When direct mail started, you had to be very stupid not to get a good response, but as time goes by the quality of your communication has to go up in order to maintain profitability as the marginal rate will always move towards break even. So a small change in marginal response rates means that a whole bunch of mail becomes uneconomic, meaning that the volume of direct mail will have to reduce. At the moment it’s still increasing as the only way to increase profitability but that doesn’t mean that it’s going to continue like this forever.

We don’t know when it’s going to happen, but I believe it will be sometime in next 10 years. So we have a problem coming and I want to be on top of it beforehand. So now we’re investigating new media, we don’t have to but i’d like to be thinking about it now to get a strategic solution in place before it’s needed.

We’re focusing on learning how to integrate voice with new media. Our new kit allows us to work with sms email and web alongside voice, so we can position ourselves as an integrated contact centre. We don’t quite understand how to do it best yet, but we could get started right now.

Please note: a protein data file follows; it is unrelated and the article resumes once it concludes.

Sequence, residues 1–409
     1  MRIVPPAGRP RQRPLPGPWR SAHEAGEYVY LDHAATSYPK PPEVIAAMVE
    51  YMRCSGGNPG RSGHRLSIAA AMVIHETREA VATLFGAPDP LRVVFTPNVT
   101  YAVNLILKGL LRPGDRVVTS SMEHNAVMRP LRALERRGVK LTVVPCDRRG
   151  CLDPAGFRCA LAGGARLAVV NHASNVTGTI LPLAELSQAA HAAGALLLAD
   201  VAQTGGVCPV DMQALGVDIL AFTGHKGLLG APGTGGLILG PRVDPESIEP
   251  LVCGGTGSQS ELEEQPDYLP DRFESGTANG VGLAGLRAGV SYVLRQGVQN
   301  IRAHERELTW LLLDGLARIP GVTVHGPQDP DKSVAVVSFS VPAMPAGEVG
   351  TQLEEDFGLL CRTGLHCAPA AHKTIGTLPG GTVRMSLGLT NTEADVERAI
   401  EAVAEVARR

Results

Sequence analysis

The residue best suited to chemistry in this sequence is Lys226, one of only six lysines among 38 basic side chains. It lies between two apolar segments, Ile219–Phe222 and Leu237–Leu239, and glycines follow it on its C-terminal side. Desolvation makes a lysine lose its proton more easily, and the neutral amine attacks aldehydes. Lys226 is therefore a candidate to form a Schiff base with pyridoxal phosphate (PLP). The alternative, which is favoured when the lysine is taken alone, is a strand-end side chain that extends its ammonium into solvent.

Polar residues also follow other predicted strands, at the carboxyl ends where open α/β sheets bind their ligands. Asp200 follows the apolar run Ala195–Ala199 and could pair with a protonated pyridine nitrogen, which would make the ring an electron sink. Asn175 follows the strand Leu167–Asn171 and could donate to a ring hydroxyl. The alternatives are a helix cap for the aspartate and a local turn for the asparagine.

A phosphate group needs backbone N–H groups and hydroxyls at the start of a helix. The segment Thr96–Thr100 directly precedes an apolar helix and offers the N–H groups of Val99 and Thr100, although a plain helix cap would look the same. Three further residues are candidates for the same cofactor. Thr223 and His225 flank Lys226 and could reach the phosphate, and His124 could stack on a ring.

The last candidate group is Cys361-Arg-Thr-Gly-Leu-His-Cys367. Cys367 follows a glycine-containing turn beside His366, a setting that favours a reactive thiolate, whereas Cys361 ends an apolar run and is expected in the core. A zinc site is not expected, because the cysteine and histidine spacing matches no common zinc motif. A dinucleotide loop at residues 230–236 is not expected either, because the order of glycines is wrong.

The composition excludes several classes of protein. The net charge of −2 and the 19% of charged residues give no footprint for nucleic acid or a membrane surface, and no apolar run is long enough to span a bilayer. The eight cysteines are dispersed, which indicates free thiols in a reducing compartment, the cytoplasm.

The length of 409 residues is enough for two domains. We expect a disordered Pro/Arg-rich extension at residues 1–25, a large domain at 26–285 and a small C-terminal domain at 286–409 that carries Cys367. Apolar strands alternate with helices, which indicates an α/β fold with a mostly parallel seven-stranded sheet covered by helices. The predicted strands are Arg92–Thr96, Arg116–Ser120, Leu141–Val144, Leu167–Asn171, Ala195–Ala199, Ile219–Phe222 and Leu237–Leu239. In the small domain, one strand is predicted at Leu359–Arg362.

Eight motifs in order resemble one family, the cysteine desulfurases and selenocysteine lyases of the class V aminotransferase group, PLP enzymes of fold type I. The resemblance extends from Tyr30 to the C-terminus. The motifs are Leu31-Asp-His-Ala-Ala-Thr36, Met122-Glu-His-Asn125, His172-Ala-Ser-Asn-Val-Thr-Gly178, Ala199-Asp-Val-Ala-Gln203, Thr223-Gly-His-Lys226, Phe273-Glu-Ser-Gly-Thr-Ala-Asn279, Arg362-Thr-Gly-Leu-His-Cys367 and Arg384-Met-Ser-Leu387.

The problems that charities face are: How to migrate from ‘here’ to ‘there’. How to restructure organisationally. How to monetise new media and how to grow expertise.

We are developing expertise so we can sell more voice fundraising, involving TPR directly with clients’ strategic planning. Historically, we haven’t been part of that planning, but we’d like to be in future.

An example of the experiments we’re doing is Donor Connect – it’s affiliate marketing – an awful lot of people want to give but don’t know who they want to give money to. Increasingly people go looking for ideas on the internet. In the commercial world for any search on a generic term you’ll see a mix of direct producers and affiliates who guide searchers towards the producers, with the affiliates getting a small cut.

If you were to type in ‘help darfur’ you’d get such a mix. Opinions vary on it – some people think that they are squatting and stealing traffic – others think its good because they are doing the suppliers job for them without getting paid until they get a result.

So we’re working with a network of affiliates – 1-2,000 from Affiliate Future – they do the dissemination for us. It captures people with a general interest – so if they know they want to help the people of darfur, they will get a way of finding it. and then we will get the calls.